Originally posted on The Homa Files:
Excerpted from Think Better …
Among the many discoveries NASA made when it began sending people into space was that the astronauts’ pens did not work well in zero gravity.
The ink wouldn’t flow properly. You can simulate the effect at home by trying to write with the business end of your pen pointing up.
Pretty soon, the ink stops flowing and the pen won’t write.
The solution – giving astronaut’s a way to write upside down — depends on how you frame the problem …
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Originally posted on Pablo Figueroa | Cultural Anthropology, Japanese Studies:
Anthropologists working in higher education have little time for on-site fieldwork research. Teaching loads, administrative tasks, symposiums, and other related obligations has made extended periods of fieldwork research something of the past, a sort of academic luxury that most teaching professors cannot afford.
Actually, getting any research done during the semester can be hard. Many good ideas end up undeveloped or in the waste paper bin.
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Originally posted on Knowledge Ecology:
[Image: Nunzio Paci]
I wasn’t going to post this since the event has unfortunately been canceled, but Matt Segall threw his up so I figured I’d leave this here for future reference. The below abstract was meant for a conference on theoretical archaeology in Copenhagen. Readers will notice that the abstract continues to develop the themes that have occupied my recent posts. The paper is about 2/3 finished, and I’ll probably end up pitching it to a journal or using it for another conference down the line.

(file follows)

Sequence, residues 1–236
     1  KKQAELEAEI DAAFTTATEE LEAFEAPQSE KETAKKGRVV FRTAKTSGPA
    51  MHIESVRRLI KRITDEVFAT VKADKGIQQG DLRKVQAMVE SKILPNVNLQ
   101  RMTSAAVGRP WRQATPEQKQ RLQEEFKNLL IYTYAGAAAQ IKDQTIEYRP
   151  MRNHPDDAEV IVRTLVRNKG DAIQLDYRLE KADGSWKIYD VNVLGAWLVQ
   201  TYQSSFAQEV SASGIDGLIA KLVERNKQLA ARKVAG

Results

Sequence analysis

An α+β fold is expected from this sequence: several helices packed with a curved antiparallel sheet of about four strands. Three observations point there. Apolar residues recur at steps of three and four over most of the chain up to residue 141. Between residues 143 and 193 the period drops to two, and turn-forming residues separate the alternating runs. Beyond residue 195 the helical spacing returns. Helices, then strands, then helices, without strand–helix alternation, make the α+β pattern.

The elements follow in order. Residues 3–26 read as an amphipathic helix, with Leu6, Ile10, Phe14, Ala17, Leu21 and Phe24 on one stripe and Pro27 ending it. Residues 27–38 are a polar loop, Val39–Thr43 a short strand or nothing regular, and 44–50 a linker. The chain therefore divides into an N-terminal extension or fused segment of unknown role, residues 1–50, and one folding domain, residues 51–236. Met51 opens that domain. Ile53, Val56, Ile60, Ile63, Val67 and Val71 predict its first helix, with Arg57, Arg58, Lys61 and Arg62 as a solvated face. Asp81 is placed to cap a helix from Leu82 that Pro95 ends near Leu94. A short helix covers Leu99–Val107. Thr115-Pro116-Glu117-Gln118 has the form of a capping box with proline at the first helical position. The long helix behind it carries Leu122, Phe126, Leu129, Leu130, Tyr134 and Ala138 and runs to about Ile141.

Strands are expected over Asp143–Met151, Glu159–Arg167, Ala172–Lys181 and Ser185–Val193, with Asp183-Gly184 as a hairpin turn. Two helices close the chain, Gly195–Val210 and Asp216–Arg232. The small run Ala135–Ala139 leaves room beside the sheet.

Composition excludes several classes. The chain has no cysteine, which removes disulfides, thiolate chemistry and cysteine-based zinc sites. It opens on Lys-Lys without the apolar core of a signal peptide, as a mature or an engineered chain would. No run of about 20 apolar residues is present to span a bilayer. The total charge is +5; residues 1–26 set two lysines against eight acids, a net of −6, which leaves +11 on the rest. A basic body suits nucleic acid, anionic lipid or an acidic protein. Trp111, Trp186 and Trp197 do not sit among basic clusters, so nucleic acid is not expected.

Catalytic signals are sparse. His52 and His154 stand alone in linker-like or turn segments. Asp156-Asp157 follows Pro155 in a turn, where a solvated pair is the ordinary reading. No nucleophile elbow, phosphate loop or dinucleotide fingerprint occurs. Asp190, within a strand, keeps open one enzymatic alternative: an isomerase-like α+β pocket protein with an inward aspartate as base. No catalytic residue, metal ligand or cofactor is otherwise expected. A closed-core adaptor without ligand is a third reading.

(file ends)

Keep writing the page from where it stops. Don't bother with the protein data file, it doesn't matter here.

Abstract Proposal: XV Nordic TAG 2015
Title: Cognitive Archaeology and the Ecology of Extended Minds
Author: Adam Robbert
Panel: Disentangling the Neolithic ‘Revolution’ in Southwest Asia
Abstract: The role of the cognitive archaeologist is to re-construct the values, thoughts, and beliefs of past societies. In this paper I argue that the best way to understand human experience, now or in history, is…
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Originally posted on A New Way to Work:
I admit it: I’m somewhat addicted to the TV show, NCIS. In watching a multi-day marathon over New Year’s, I started thinking about Gibbs’ Rules: basic paradigms on how to avoid the common pitfalls of being a special agent.
Since inspiration can come from unlikely and unanticipated sources, I reflected on my own hypotheses to create a new, more enjoyable way to work in this hyperactive, hypercompetitive 2015 work environment.
Beginning in 2015, I’ll be posting weekly Paradigm Shifters to help you to accomplish more and enjoy your work and create and enjoy your life outside of work.
(FYI: Just like Gibbs, the Paradigm Shifters will be posted in a random order – so they don’t have to be “followed” in any particular sequence.)
Watch for my Paradigm Shifters at www.a-new-way-to-work.com every Friday in 2015. Feel free to share, comment, or even add some of your own insights to…
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Originally posted on Brain and Mind Fitness News:
Brain teaser: Please consider Linda, a 31-year-old woman, single and bright. When she was a student, in high school and in college too, she was deeply involved in social justice issues, and also participated in environmental protests. Which is more probable about Linda’s occupation today?
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